La Lista Loca – Part 1

By William K. Black
IAEN, UMKC, U. Minnesota

This is the first column in a five-part series about money laundering. When you think about Ecuador and international financial regulation the fact that leaps out at you as bizarre is Ecuador’s presence on the short list of nations that purportedly have “strategic [money laundering/funding of terrorism] deficiencies that have not made sufficient progress in addressing the deficiencies….”  Algeria, Ecuador, and Myanamar (Burma) are the only three nations on the Financial Action Task Force (FATF) (GAFI, in Spanish) “gray” list.  There are two nations on the FATF “black list” for providing funding to terrorists – North Korea and Iran.

Ecuador has counter-terrorist financing (CFT) laws and no one sentient thinks that Ecuador is funding terrorism, so the issue in Ecuador’s case is money laundering.  Ecuador has anti-money laundering (AML) laws, so the issue is whether Ecuador is one of the three greatest centers of money laundering in the world despite its adoption of AML laws.  Syria, Jordan, Libya, Saudi Arabia, the Emirates, Egypt, Afghanistan, Iraq, Pakistan and Lebanon’s banks and informal financial operations are wide-open to money laundering, have often funded terror, and have nothing that even approaches a rule of law.  Only Algeria, in that massive region of the world, makes the FATF list even though no one thinks Algeria’s banks even comes close to the other nations I have listed in its region in the extent to which they launder money and provide financial support to terrorists.  Each of the nations I have listed should be on FATF’s “black list” if FATF followed any principles in creating its lists.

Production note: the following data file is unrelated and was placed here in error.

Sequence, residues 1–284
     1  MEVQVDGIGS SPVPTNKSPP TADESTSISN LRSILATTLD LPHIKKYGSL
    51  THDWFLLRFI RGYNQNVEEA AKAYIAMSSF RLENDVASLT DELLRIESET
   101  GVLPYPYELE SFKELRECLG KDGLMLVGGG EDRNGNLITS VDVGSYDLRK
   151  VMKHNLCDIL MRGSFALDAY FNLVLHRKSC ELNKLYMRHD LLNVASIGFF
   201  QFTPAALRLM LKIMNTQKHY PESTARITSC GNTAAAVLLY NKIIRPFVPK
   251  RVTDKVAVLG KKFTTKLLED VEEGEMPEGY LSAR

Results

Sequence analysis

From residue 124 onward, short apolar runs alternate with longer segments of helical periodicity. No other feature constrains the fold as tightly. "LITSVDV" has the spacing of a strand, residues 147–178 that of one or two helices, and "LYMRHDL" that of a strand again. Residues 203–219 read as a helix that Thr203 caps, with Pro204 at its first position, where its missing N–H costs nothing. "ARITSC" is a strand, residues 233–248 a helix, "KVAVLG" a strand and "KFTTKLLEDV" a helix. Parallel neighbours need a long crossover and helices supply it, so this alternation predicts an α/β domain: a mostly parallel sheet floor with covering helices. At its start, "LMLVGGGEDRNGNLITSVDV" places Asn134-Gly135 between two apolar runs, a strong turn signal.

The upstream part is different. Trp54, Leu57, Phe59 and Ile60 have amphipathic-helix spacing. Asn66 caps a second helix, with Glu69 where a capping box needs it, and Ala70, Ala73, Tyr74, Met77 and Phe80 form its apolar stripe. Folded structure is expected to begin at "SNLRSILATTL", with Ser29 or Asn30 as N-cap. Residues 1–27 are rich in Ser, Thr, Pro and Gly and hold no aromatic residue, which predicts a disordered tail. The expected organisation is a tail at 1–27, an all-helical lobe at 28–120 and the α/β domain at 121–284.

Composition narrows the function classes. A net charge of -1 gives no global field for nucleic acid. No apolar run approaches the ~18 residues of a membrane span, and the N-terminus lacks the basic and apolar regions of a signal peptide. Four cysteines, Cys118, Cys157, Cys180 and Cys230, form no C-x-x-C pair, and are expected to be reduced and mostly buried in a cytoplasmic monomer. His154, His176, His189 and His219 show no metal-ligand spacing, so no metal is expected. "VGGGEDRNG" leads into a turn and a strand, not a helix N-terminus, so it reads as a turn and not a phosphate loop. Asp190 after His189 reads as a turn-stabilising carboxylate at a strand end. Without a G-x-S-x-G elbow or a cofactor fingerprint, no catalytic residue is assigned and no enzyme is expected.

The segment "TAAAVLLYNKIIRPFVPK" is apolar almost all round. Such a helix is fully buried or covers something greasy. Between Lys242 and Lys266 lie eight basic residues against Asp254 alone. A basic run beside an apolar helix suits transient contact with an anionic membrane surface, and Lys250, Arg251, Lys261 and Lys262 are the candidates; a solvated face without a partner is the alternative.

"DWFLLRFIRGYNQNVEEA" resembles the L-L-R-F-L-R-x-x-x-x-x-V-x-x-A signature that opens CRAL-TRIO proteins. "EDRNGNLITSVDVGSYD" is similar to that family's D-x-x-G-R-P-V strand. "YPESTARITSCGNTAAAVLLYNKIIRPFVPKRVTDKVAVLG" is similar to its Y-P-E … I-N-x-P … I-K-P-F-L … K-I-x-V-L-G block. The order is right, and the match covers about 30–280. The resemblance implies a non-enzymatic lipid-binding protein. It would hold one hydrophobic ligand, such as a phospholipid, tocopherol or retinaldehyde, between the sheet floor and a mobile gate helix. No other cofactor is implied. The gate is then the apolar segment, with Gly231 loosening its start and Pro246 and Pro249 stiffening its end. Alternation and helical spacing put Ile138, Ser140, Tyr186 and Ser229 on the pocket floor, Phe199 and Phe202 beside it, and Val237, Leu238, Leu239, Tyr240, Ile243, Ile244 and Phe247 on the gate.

But the nations I have listed are not the largest centers of money laundering or terrorist funding – they are simply the most obvious nations.  The biggest centers of money laundering and terrorist funding in the world are UK banks and UK-related tax havens in the Caribbean and Channel Islands.  The State of New York’s investigation of Standard Chartered, a UK bank, found that it “process[ed] $250bn of transactions on behalf of Iranian clients” in violation of U.S. laws.  Standard Chartered aided the people making these illegal transaction by hiding the true nature of the deal from U.S. regulators.  Instead of aiding NY’s efforts to stop massive AML and CFT violations involving Iran – a nation of the FATF “black list” – the federal prosecutors and regulators attacked the NY regulators.  The U.S. treats massive UK AML and CFT violations as minor.

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